Refiners told the U.S. Environmental Protection Agency to cut biofuel quotas for 2018, arguing that a federal court decision against the agency shouldn’t prevent it from setting targets below levels enshrined in law.
The administration of President Donald Trump still has the authority to waive congressional biofuel levels to avert economic or environmental harm, refiner Valero Energy Corp. and oil industry trade groups said at an EPA hearing on the issue Tuesday in Washington. Economic harm could result, industry groups said, if refiners are forced to blend more than 10 percent ethanol into the fuel supply, a level the oil industry dubs the blend wall.
“The ethanol blend wall is a real constraint on today’s fuel supply system that makes the statutory volumes unattainable and limits the use of ethanol,” said Frank Macchiarola, a group director at the American Petroleum Institute, which represents oil companies such as Exxon Mobil Corp.
Nothing in a ruling by a federal court in Washington last week “clips the wings of the EPA” to set lower biofuel quotas that avoid economic harm, said Scott Segal, a Bracewell LLP lobbyist representing Valero. “Severe harm can be established on a number of fronts.”
Biofuel producers such as Poet LLC, however, argued that ruling largely handcuffs the EPA, forcing the government to require the use of 15 billion gallons of ethanol and more next generation biofuel next year and for years to come.
The dueling opinions illustrate the challenge facing Trump and EPA Administrator Scott Pruitt as they try to fulfill political promises to help corn farmers in the Midwest, appease oil companies eager to protect market share and live within the contours of a biofuel mandate created last decade when the U.S. was hooked on imports of Mideast crude.
In a unanimous ruling Friday, a three-judge panel sided with ethanol producers in saying the EPA was wrong to justify setting lower quotas for 2016 based on constraints in demand, such as limited infrastructure to deliver the product to consumers or the availability of higher blended fuel mixes. For years, the oil industry has argued that the congressional target in the Renewable Fuel Standard push refiners past a 10 percent blend wall for ethanol in gasoline — the amount that can be easily blended because it is acceptable in all cars and trucks. Ethanol producers argued that was the entire point of the law.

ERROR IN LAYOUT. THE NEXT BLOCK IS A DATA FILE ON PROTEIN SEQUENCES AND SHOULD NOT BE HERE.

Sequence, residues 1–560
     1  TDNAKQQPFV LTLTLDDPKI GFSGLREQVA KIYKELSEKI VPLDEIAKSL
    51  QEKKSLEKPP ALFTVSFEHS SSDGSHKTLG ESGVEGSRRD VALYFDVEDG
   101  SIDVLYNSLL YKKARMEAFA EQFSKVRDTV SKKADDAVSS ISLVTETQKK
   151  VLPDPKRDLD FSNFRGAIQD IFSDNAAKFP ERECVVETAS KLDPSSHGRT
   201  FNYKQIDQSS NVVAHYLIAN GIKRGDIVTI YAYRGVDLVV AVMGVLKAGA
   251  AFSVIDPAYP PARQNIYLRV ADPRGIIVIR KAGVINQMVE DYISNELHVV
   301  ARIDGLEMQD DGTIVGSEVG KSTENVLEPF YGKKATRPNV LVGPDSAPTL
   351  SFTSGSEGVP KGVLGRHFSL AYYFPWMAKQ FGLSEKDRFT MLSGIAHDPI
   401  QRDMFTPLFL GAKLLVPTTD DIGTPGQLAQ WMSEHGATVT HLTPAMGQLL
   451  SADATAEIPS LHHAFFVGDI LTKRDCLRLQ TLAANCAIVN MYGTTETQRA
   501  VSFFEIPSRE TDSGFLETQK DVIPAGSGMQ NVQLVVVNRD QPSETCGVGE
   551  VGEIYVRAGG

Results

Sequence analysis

Most gasoline sold in the U.S. is E10, or 10 percent ethanol. Higher ethanol blends, including E15 and E85, are not available at all filling stations and not all vehicles can use them, oil industry leaders said Tuesday.
Trump’s EPA has proposed requiring the use of 15 billion gallons of conventional renewable fuels in 2018 — the maximum allowed for that category in law — while lowering proposed quotas for advanced alternatives that have been slow to commercialize, including cellulosic ethanol made from corn stalks and other non-edible materials. The agency is set to finalize the 2018 targets before the end of this year.
The Side of Pessimism
Biofuel groups complained that the reductions for advanced biofuel use will curtail growth in the market.
“The agency has erred on the side of pessimism with regard to the potential for significant growth in cellulosic ethanol,” said Bob Dinneen, head of the Renewable Fuels Association. The “spirit and intent” of the law was to “maximize the nation’s use of these fuels, to drive marketplace innovation and investment in these new technologies, and to make the U.S. more energy diverse.”
Jan Koninckx, DuPont Co.’s global business director for advanced biofuels, said Trump’s EPA used a flawed methodology to estimate potential cellulosic ethanol production and propose requiring 238 million gallons of it for 2018. That’s down from 311 million gallons required this year.
“EPA must revisit the process used in the current proposal for cellulosic ethanol and follow its own guidance and process used for the 2016 and 2017 cellulosic” quotas, Koninckx said.
Higher advanced biofuel targets would help drive innovation and spur more production, said Pete Ricketts, the governor of Nebraska.
Still, overall, EPA’s “proposal is consistent with the president’s statements of support for the corn ethanol industry,” Ricketts said.